The courage to be new is real in many settings. It is hard to change practices and become someone new, although what human being is about, always transforming. We become caught in a vice of busyness that doesn’t let us see past routines or see into them for that matter. Children likely see past much better and then, as they grow up, they are stymied. The courage to stop violence begins with the person, the self. When I look in, I find spaces where light shines in and helps me walk the path with a little more courage.

I hear the world reciting
The mistakes of ancient men,
The brutality and fighting
They will never have again.

Heartbroken and disabled
In body and in mind
They renew talk of the fabled
Federation of Mankind.

But they’re blessed with the acumen
To suspect the human trait
Was not the basest human
That made them militate.

They will tell you more as soon as
You tell them what to do
With their ever breaking newness
And their courage to be new.

Lotus

ivonprefontaine:

This is a beautiful haiku which suggests an enlightened self emerges from darkness. Part of my meditation is the reading of a short passage by Osho each morning along with prayers. Osho reminds me that hate cannot prosper where there is love. This message was echoed by Father Richard Rohr’s contemplative passage this morning.

Originally posted on Poesy plus Polemics:

Illustration from flickr.com

Illustration from
flickr.com

virginal flower
risen from muddy waters
Buddha emergent

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RIP Pete Seeger

ivonprefontaine:

I love his music and his sentiments. He was an amazing person and talent whose music enriches each day for the world.

Originally posted on MisBehaved Woman:

Oh…this just breaks my heart. I didn’t always agree with his politics but his music never failed to move me. ~Reb

“Being generous of spirit is a wonderful way to live.”

TruthOut- Pete Seeger, the iconoclastic American singer, songwriter and social activist who did battle with injustice in America armed with a banjo, a guitar and the transformative power of song, has died. He was 94.

Seeger died Monday at New York Presbyterian Hospital, his grandson Kitama Cahill-Jackson told the Associated Press.

A veteran of the labor, peace and civil rights movements, Seeger remained relevant as an activist into his 90s. He was equally musician and revolutionary, playing a major role in the folk music revival that began in the late 1950s while helping to craft the soundtrack of 1960s protests through such songs as “We Shall Overcome,” “Where Have All the Flowers Gone” and “Turn! Turn! Turn!”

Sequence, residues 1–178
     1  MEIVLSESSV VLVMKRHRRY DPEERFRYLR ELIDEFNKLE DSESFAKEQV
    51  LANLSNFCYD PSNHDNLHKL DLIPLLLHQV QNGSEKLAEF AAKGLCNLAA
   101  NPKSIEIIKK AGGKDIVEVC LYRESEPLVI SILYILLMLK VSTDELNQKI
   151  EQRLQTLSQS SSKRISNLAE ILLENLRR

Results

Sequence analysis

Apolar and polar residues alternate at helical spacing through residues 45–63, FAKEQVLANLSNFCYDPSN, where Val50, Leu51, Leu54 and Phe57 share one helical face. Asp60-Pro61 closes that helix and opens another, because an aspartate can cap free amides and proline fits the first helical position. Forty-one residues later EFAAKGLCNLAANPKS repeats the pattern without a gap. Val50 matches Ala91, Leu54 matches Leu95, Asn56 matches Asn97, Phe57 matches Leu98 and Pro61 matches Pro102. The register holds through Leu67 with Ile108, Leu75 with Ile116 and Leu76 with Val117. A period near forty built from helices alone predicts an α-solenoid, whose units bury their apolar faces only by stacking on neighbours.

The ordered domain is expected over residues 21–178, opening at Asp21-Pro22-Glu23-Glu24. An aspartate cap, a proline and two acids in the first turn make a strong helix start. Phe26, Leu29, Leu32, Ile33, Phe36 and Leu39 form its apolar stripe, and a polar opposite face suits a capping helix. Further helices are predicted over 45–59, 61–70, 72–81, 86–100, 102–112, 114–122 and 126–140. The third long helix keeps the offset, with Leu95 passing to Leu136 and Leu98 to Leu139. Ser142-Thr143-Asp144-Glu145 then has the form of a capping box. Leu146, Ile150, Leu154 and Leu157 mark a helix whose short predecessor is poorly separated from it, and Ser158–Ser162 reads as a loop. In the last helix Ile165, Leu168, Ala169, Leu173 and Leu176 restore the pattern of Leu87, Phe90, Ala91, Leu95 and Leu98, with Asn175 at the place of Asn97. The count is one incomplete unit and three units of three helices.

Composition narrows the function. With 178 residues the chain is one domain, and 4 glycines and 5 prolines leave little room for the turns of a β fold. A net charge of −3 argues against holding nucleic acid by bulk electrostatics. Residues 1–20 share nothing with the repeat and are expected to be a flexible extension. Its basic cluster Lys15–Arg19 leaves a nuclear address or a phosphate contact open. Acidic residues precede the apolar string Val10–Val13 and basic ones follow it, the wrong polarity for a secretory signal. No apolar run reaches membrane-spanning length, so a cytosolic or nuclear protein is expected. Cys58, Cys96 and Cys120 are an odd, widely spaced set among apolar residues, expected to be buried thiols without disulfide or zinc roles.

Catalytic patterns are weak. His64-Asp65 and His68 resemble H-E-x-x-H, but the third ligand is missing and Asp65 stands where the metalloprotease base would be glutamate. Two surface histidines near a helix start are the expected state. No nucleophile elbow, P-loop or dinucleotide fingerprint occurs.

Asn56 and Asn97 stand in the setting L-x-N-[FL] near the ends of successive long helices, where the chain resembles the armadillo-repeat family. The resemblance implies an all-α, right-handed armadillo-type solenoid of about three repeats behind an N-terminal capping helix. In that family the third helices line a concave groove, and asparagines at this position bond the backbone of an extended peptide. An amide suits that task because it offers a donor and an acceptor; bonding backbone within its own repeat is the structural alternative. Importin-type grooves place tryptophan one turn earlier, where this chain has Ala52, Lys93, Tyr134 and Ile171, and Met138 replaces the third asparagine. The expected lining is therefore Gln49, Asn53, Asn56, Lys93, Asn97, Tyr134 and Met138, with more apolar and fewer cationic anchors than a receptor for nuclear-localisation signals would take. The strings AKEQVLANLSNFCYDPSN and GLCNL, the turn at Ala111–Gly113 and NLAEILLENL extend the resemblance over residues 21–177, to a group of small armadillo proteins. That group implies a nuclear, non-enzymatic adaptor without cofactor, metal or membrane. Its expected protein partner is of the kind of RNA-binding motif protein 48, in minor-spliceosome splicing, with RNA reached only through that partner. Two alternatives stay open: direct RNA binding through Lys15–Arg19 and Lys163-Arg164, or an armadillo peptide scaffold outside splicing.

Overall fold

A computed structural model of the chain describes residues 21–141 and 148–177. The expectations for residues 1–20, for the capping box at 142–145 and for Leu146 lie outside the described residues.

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Riprap

Yesterday, I walked downtown and bought some books at Aunties Bookstore. It offers a combination of new and used. I wandered and found an eclectic riprap of books. There were poetry, philosophy, and spirituality books mixed in.

Gary Snyder wrote a poem using that word: riprap. I felt a little that way as I wrote today as I tried to fit new words in among the old words. The old words are somewhat concrete and the new ones found it challenging to fit into the spaces. Actually, some of the new words were old and were previously used by others who went before. Even those words were not always easily fitted into the seams I tried squeezing them into. But, I tried not to force too hard out of concern I might break the space wide open and let something else come flooding in.

We probably live that way at times. We fit the new among the old. It causes some perplexity this complexity.

Lay down these words

Before your mind like rocks.

placed solid, by hands

In choice of place, set

Before the body of the mind

in space and time:

Solidarity of bark, leaf, or wall

riprap of things:

Cobble of milky way,

straying planets,

These poems, people,

lost ponies with

Dragging saddles

and rocky sure-foot trails.

The worlds like an endless

four-dimensional

Game of Go.

ants and pebbles

In the thin loam, each rock a word

a creek-washed stone

Granite: ingrained

with torment of fire and weight

Crystal and sediment linked hot

all change, in thoughts,

As well as things.